The NEX Corry Main Store is preparing for spring with several events to celebrate the season. Check out what all you have to look forward to. • Mother’s Day Weekend Celebration at the NEX Corry Main Store. Save the dates for the Spring Fragrance Festival, complimentary kids craft and card making station May 9 through 13. Complimentary carnations will be available May 12 starting at 10 a.m. while supplies last. See a fragrance associate for more details. • NEX Corry Main Store presents Military Spouse Appreciation Day, “The Toughest Job in the Navy,” May 10. Special guest Fleet and Family Support Center with complimentary gifts. Inside the main mall entrance, starting at 10:30 a.m., while supplies last. • NEX Corry Main Store presents Luxury Handbag Trunk Show May 11 from 11 a.m. to 3 p.m., in the Ladies Handbags Department. Meet and greet with brand ambassador and receive free GWP with $150 purchase or more. For more information, call 453-5311. • NEX Corry Main Store presents Pet Expo event May 18 from 11 a.m. to 2 p.m. Bring your furry friends on a leash. Pet product demos, paws photo booth, pet rock activity and more in the main store breezeway. For more information on any of these events, call 4588811, NEX Event Coordinator.

Around Town ROWWA luncheon announced

The Retired Officers Wives and Widows Association (ROWWA), will meet for lunch at 11 a.m., May 9, at Skopelos at New World, 600 S. Palafox St. Members meet every second Thursday of the month, September through May, for social activities. New members are invited to join us. Membership dues are $15 per year, and the luncheon cost is $20. For more information and reservations, call 686-1160.

Bay Concert Band movie music

The Pensacola Bay Concert Band presents “PBCB at the Movies with a Touch of Symphony,” May 20 at 7:30 p.m. at the UWF Center for Fine and Performing Arts. The concert includes music from some of the most popular movies of all time and will feature Matt Fossa, principal oboe of the Pensacola Symphony Orchestra. Admission is free, but the band do request a non-perishable food item for donation to Manna Food Pantry. The Pensacola Bay Concert Band is a year-round adult concert band with 85 members (including several NAS flight students) ranging in age from 19 to 80. The band rehearses Monday nights at 6:30 p.m. in downtown Pensacola. For more information, visit www.pbcband.org.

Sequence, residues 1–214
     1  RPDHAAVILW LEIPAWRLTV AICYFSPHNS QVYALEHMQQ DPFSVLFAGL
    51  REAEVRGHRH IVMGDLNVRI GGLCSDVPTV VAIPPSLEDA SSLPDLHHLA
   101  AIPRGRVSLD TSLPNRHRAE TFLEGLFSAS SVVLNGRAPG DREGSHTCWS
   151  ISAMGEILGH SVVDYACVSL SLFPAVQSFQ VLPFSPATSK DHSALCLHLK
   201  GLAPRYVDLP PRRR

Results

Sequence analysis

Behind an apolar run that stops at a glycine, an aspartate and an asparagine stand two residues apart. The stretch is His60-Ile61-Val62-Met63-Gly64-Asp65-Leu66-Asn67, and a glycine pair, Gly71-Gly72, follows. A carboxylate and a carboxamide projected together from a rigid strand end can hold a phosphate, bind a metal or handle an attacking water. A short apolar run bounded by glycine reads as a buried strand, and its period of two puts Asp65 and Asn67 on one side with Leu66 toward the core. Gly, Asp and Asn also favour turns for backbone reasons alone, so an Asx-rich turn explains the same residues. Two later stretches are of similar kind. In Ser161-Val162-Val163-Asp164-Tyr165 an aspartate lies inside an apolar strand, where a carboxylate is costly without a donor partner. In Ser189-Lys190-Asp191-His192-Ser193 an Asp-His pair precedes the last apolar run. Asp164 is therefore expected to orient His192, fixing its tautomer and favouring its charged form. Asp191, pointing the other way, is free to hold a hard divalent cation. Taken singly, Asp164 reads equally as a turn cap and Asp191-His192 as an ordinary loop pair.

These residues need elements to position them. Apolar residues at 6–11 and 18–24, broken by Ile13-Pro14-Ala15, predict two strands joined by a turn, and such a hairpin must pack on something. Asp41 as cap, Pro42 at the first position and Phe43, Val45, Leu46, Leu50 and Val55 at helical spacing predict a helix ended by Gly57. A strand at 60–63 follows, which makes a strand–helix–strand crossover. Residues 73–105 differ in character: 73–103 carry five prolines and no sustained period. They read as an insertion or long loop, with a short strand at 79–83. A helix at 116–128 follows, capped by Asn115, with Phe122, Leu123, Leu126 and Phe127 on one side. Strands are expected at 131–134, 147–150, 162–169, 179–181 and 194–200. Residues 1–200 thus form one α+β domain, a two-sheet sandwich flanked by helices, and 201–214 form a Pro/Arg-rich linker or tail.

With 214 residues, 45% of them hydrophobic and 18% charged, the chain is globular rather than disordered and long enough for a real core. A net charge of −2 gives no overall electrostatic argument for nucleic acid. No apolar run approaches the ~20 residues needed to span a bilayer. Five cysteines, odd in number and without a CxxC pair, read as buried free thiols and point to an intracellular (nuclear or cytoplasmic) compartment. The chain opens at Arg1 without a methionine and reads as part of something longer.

End of Watch Memorial Ruck event

On May 16 to 18, teams of athletes will set out in a relay event to ruck 150 miles across Santa Rosa County over the course of 55 hours. These athletes will work as teams to carry 150 one-pound weights across 150 miles. Each weight bears the name of an officer who died in the line of duty in 2018. From the pine forests of the north to the beautiful sandy beaches in the south, they will cover the entirety of the county to show support for those who gave their lives in the line of duty. The event, called the End of Watch Memorial Ruck (#EOWMR), is in its second year and is organized by the End of Watch Foundation (EOWF) and the First Judicial Circuit Law Enforcement Association (FJCLEA). The event seeks to raise funds for the FJCLEA, an organization whose primary goal is to provide financial support to members of the criminal justice community and their families during times of need and provides charitable support to children’s advocacy organizations.



All funds raised by the EOWMR will go to support the efforts of the FJCLEA. Athletes (ruckers), volunteers and sponsors interested in the event are encouraged to visit www.EOWMR.com for more information.

Veterans Memorial Park essay contest

The Veterans Memorial Park Foundation of Pensacola is pleased to announce an essay contest for third to 12th grade students in Escambia and Santa Rosa Counties. Students in public, private or homeschool settings are eligible to participate. Essay flyers and entry forms are available at www.veteransmemorialparkpensacola.com. Essays are due by May 15 and winning essayists in each grade will be awarded a $50 gift card. Winners will be recognized at the May 26 Memorial Day Ceremony at the Veterans Memorial Park in Pensacola. To find out how you can help support the Veterans Memorial Park Foundation – or how you can participate in the Memorial Day Essay Contest – visit https://veteransmemorialparkpensacola.com or contact Lee Hansen at 434-6119.